Brick People is a game about tiny men whose mouths are stopped up with Lego-like bricks, but are nevertheless cursed with an insatiable appetite. It sounds like the beginnings of a “Twilight Zone” episode, but there’s really nothing more to the story. In fact, Brick People is a pretty hollow, tasteless offering, and despite it being a classic arcade offering from Sega, it’s just not a lot of fun to play.
Brick People is broken up into several single-screen levels that are dotted with airborne fruits. The “Brick People,” little men who wander around the bottom of the screen, desperately want to eat all that yummy fruit– but they can’t fly. Therefore, you must use the blocks stacked at the sides of the game screen to build little towers and staircases for your hungry friends, so they can reach the fruit and feast.
Stack ’em if you’ve got ’em.
A timer ticks down the seconds at the top of the screen, and it doesn’t reset in between levels. You need to advance through as many levels as possible before time runs out. You can earn yourself a few extra seconds by playing a bonus game that requires you to fill in a shape with blocks, but otherwise, you’re ranked on your performance, and then it’s Game Over.
Brick People is a simple game, and at first blush it presents itself as a decent arcade-style time-waster. But the longer you play, the faster your frustration starts to build. Doing well at Brick People doesn’t require any kind of strategy so much as it just asks you to fling blocks on the playing field as quickly as possible. Worse, the Brick Men you’re supposed to be feeding move with agonizing slowness, and are as intelligent as the Lego bricks that form their world.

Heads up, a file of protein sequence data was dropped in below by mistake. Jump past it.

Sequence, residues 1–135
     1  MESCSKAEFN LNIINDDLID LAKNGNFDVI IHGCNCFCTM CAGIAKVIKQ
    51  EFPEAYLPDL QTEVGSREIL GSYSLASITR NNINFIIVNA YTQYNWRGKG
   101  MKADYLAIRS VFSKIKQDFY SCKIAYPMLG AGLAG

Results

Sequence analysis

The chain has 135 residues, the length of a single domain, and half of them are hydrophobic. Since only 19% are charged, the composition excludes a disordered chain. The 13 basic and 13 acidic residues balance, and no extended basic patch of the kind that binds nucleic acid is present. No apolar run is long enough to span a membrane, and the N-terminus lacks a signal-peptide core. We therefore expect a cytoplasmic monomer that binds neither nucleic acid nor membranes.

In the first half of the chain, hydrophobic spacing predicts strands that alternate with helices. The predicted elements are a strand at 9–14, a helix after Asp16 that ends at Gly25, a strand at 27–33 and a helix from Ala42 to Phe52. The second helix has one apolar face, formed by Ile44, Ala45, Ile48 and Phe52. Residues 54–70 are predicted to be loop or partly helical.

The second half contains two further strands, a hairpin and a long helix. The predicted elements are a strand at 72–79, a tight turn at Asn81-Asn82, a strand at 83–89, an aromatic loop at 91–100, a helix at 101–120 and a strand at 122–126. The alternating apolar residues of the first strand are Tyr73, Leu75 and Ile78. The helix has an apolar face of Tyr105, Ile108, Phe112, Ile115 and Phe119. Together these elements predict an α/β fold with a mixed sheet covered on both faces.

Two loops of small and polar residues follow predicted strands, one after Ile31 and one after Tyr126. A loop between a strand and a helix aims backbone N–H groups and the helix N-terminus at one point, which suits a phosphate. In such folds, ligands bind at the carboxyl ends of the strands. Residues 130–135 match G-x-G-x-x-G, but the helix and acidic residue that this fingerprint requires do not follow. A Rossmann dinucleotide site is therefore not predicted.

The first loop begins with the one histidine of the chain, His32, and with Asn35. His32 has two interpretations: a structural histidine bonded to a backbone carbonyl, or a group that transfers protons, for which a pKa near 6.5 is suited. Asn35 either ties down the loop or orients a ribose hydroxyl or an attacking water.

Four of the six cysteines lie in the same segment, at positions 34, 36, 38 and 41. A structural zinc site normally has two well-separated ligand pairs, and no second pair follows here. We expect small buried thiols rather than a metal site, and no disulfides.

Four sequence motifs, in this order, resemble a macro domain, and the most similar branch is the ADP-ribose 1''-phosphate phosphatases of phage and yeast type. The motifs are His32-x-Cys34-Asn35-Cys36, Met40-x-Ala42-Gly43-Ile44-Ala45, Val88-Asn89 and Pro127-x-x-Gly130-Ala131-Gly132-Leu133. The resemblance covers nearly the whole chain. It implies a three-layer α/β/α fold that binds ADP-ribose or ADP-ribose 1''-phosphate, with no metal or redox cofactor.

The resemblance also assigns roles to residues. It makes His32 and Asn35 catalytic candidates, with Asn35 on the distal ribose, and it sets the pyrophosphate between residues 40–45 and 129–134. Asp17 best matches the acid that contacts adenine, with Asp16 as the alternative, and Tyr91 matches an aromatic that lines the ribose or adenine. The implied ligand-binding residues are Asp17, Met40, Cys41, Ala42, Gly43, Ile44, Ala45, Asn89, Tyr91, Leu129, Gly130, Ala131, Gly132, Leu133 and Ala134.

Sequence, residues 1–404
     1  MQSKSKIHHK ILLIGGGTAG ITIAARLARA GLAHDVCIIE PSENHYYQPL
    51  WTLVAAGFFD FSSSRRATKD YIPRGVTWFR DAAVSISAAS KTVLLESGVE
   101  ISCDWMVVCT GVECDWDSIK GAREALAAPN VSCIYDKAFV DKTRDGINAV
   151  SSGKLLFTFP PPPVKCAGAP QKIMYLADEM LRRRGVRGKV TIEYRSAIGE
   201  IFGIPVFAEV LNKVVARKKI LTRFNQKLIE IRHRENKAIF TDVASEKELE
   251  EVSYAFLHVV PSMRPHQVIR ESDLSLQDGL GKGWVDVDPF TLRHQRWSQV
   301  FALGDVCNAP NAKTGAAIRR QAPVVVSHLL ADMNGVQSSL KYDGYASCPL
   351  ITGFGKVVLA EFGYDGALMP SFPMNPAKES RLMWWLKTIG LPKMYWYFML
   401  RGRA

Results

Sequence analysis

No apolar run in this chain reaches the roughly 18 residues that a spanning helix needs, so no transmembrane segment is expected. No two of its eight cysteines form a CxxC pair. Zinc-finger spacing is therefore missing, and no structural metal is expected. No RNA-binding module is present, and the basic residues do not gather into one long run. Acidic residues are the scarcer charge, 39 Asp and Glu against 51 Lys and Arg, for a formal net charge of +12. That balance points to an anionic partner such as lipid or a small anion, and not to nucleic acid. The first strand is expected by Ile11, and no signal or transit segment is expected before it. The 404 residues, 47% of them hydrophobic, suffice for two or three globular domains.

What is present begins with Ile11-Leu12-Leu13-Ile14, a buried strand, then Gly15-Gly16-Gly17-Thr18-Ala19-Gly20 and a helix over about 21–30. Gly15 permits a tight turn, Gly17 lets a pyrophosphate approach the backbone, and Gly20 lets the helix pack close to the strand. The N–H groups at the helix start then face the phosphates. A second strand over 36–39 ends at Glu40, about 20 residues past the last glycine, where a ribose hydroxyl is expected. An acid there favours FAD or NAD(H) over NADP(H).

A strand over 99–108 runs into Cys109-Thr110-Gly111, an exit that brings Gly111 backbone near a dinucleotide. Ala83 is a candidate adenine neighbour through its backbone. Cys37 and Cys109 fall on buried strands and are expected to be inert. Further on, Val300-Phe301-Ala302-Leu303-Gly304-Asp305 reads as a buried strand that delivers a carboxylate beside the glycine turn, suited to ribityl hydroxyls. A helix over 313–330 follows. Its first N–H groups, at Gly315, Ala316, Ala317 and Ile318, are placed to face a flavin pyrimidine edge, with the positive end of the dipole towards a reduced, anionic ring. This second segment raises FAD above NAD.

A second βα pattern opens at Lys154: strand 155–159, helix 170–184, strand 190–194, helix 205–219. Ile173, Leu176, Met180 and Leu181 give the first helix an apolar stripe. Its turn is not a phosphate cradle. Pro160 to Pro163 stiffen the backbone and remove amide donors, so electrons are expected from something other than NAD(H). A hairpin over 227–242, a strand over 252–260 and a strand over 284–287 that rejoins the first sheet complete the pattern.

Please feed the wildlife.
No matter how accessible you make your towers, no matter how simply you build them, your Brick People will often walk in the opposite direction, or, worse, walk up to a piece of fruit and turn around before eating it. Given that you’re graded according to how quickly you can get through the game, this is an understandably infuriating phenomenon.
It’s a shame, because aesthetically, Brick People is cute and silly, and boasts an increasingly rare, unique flavor that can only be exported from Japan. Moreover, the multiplayer options in Brick People are a bit more fun and challenging than the main game. Both players need to collect more fruit than the other, but you can hobble your opponent with random powers that are doled out at the start of a match.
Brick People means well, but it’s just not fun to play for more than five minutes. The App Store isn’t hurting for fun arcade games, so unless you’re a hardcore fan of Sega’s arcade scene, let the little guys starve.